The Fund and the Advisor have agreed to indemnify the Distributor against certain liabilities, including liabilities under the Securities Act of 1933, or to contribute to payments the Distributor may be required to make because of any of those liabilities. Such agreement does not include indemnification of the Distributor against liability resulting from willful misfeasance, bad faith or gross negligence on the part of the Distributor in the performance of its duties or from reckless disregard by the Distributor of its obligations and duties under the Distribution Agreement. The Distributor may, from time to time, engage in transactions with or perform services for the Advisor and its affiliates in the ordinary course of business.

 

Prior to the initial public offering of shares, the Advisor purchased shares from the Fund in an amount satisfying the net worth requirements of Section 14(a) of the 1940 Act.

 

Purchasing Shares

 

Investors may purchase shares directly from the Fund in accordance with the instructions below. Investors will be assessed fees for returned checks and stop payment orders at prevailing rates charged by Gemini Fund Services, LLC, the Administrator. The returned check and stop payment fee is currently $25. Investors may buy and sell shares of the Fund through financial intermediaries and their agents that have made arrangements with the Fund and are authorized to buy and sell shares of the Fund (collectively, "Financial Intermediaries"). Orders will be priced at the appropriate price next computed after it is received by a Financial Intermediary and accepted by the Fund. A Financial Intermediary may hold shares in an omnibus account in the Financial Intermediary's name or the Financial Intermediary may maintain individual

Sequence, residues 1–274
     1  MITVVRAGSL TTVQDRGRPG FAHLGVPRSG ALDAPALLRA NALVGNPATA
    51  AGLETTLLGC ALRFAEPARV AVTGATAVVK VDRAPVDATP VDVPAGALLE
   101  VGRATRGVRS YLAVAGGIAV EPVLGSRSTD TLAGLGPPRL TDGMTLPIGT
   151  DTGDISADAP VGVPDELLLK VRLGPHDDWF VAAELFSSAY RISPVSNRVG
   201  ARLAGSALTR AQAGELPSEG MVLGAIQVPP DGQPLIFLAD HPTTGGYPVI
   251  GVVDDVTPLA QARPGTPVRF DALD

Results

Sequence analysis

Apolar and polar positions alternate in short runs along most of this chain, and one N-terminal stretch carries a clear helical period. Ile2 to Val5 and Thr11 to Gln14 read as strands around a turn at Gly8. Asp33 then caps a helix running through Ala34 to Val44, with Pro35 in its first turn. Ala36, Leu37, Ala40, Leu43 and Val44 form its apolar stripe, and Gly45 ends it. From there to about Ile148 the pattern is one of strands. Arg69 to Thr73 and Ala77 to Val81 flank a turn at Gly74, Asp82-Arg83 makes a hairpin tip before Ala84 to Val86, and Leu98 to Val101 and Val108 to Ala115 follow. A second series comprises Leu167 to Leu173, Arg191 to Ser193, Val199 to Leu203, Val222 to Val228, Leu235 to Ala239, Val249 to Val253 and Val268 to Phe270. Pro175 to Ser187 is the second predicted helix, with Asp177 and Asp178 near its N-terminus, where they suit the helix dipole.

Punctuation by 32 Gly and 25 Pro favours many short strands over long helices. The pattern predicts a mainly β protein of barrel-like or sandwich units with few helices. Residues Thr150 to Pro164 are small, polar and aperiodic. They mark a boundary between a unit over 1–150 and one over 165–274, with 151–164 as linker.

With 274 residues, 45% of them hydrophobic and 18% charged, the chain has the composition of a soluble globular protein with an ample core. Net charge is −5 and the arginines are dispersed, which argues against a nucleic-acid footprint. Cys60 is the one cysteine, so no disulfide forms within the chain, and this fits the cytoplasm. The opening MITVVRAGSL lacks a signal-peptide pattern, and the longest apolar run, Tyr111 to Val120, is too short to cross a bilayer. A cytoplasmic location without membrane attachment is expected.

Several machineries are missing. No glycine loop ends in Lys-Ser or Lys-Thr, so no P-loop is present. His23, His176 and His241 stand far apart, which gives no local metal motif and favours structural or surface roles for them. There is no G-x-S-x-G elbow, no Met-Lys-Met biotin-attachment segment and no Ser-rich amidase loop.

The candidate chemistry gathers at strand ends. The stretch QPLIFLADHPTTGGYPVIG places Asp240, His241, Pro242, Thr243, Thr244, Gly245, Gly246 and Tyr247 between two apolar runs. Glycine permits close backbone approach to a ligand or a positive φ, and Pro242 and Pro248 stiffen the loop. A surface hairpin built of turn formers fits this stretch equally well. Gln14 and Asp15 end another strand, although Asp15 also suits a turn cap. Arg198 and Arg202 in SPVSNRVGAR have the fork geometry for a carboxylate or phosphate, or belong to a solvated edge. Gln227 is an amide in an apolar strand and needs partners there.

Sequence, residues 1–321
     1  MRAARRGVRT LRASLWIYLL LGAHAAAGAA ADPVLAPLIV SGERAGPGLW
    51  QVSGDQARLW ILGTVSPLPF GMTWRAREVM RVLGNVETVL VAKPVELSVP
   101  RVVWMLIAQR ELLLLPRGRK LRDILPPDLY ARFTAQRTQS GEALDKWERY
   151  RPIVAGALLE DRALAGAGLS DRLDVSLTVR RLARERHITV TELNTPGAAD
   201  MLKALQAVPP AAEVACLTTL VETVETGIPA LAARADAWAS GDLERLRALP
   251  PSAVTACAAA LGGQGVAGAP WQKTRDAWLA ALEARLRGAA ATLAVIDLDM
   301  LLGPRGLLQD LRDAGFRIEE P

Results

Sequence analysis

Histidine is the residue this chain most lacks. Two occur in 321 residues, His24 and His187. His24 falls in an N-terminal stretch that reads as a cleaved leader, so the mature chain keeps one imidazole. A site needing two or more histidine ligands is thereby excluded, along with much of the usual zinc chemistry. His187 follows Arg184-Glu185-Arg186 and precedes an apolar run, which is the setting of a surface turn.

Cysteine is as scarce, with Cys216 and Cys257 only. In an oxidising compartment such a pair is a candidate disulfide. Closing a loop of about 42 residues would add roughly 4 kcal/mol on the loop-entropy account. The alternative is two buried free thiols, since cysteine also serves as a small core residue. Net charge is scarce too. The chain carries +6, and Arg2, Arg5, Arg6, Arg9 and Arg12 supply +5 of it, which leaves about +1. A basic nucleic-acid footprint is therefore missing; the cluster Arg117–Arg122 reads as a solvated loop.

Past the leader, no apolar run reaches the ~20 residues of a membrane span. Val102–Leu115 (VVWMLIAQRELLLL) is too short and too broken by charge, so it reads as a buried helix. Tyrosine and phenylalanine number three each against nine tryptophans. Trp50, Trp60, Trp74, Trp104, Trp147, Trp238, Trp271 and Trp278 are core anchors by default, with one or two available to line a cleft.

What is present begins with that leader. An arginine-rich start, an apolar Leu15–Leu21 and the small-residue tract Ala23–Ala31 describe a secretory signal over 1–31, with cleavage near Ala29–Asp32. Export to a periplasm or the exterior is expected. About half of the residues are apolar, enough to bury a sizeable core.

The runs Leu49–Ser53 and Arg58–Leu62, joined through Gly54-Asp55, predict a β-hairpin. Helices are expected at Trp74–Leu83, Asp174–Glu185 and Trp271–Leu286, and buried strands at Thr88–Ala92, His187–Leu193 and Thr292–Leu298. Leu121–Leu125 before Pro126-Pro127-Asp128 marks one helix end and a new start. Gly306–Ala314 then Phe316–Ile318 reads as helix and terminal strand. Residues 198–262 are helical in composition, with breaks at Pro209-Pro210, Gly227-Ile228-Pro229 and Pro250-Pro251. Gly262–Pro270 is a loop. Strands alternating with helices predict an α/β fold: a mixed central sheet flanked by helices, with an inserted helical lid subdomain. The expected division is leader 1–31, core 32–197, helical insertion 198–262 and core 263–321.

37 
 

ownership records. The Fund may pay the Financial Intermediary for maintaining individual ownership records as well as providing other shareholder services. Financial intermediaries may charge fees for the services they provide in connection with processing your transaction order or maintaining an investor's account with them. Investors should check with their Financial Intermediary to determine if it is subject to these arrangements. Financial Intermediaries are responsible for placing orders correctly and promptly with the Fund, forwarding payment promptly. Orders transmitted with a Financial Intermediary before the close of regular trading (generally 4:00 p.m., Eastern Time) on a day that the NYSE is open for business, will be priced based on the Fund's NAV next computed after it is received by the Financial Intermediary.

 

By Mail

 

To make an initial purchase by mail, complete an account application and mail the application, together with a check made payable to Total Income+ Real Estate Fund to:

 

Total Income+ Real Estate Fund
c/o Gemini Fund Services, LLC
80 Arkay Drive

Hauppauge, NY 11788

 

All checks must be in US Dollars drawn on a domestic bank. The Fund will not accept payment in cash or money orders. The Fund also does not accept cashier's checks in amounts of less than $10,000. To prevent check fraud, the Fund will neither accept third party checks, Treasury checks, credit card checks, traveler's checks or starter checks for the purchase of shares, nor post-dated checks, post-dated on-line bill pay checks, or any conditional purchase order or payment.